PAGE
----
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The importance of reflow profile optimisation and How it can affect modern manufacturing trends

Published: 6 January 2016 - Lisa Peake
 
Mark Stansfield, Managing Director, SolderStar
 
To produce electronic assemblies without a known thermal profile is detrimental, as you ‘cannot manage what you do not measure’. Without an established oven profile, problems can occur with soldering quality, cleaning issues or further down the line involving either rework costs or early component failures.
 
Setting up profiles for each electronic assembly can be a time consuming exercise without the right engineering tools, especially when assemblies comprise of large thermal mass differences or when we have ovens with high numbers of zone count. To help combat this problem, profile prediction tools have been developed to simulate the reflow process allowing ‘what if’ scenarios to be performed. Today advanced profilers and software which provides reflow optimisation have changed the face of electronic assembly by improving process efficiency.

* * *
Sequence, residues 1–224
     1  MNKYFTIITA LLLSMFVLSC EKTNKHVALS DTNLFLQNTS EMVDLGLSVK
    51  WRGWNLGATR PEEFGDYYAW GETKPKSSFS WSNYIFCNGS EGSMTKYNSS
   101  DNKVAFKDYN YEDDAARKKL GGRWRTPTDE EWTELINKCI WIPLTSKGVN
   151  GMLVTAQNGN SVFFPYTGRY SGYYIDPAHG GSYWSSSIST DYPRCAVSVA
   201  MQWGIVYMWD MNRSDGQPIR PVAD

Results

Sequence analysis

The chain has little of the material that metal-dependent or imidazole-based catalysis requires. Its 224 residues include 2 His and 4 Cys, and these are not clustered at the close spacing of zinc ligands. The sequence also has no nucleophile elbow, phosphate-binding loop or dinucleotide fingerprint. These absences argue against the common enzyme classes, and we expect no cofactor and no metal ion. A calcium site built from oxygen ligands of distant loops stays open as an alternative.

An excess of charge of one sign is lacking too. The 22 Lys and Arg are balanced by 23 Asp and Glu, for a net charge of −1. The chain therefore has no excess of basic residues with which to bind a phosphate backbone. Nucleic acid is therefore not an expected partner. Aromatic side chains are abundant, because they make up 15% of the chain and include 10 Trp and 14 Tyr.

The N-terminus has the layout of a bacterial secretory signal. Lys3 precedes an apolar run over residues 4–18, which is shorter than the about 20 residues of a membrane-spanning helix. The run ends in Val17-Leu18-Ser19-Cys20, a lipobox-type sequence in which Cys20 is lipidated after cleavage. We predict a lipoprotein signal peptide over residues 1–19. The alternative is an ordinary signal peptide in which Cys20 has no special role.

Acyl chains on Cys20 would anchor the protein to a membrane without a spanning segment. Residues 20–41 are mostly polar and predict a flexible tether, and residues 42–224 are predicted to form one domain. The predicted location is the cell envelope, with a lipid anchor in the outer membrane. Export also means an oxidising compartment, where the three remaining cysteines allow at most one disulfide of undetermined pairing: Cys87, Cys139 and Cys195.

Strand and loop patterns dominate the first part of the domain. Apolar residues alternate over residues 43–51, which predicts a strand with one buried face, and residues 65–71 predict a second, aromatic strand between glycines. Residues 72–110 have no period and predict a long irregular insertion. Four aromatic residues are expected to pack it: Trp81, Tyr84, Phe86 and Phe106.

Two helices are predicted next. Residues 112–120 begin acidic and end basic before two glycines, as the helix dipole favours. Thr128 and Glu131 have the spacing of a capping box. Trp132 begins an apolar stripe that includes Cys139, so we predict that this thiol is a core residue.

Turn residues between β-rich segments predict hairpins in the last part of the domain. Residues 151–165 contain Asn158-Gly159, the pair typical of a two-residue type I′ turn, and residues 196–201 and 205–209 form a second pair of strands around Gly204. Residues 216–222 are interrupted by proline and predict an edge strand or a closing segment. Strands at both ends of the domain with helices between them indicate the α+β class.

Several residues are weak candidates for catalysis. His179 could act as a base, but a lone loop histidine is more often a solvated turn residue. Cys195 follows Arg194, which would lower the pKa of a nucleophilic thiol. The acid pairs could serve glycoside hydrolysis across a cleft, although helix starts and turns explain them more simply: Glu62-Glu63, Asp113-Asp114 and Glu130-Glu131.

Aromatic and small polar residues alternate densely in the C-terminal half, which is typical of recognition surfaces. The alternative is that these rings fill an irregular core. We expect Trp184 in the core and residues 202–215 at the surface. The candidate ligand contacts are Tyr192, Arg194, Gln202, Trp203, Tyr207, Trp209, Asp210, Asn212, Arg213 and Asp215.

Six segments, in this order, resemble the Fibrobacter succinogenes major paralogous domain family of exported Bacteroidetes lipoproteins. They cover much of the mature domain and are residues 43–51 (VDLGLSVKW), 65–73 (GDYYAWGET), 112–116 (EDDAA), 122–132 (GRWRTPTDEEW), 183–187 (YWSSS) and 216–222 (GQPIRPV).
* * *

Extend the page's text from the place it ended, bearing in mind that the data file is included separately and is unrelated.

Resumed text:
Growth in SMART devices has increased the need for intelligent profiling
 
Continuous development for newer technology requires successful PCB assembly but this in turn increases the number of defects. It is very important to achieve good thermal equilibrium across the whole board especially with lead-free soldering since the peak temperature window is narrower. The need to analysis and improve on performance is becoming an uncompromising requirement, but to achieve this, reflow profile optimisation is needed.
 
Since a modern reflow oven has different temperature zones and a variety of conveyor speeds supporting literally hundreds of millions of different oven setups, modern process setup tools are needed to identify the best combination.
 
PCBs also have differing thicknesses and component densities, usually demanding different profiles. By optimising a thermal profile of the new assembly you can be sure that thermal requirements are correct, leading to less failures. 
 
Profile prediction tools radically simplify the setup of reflow soldering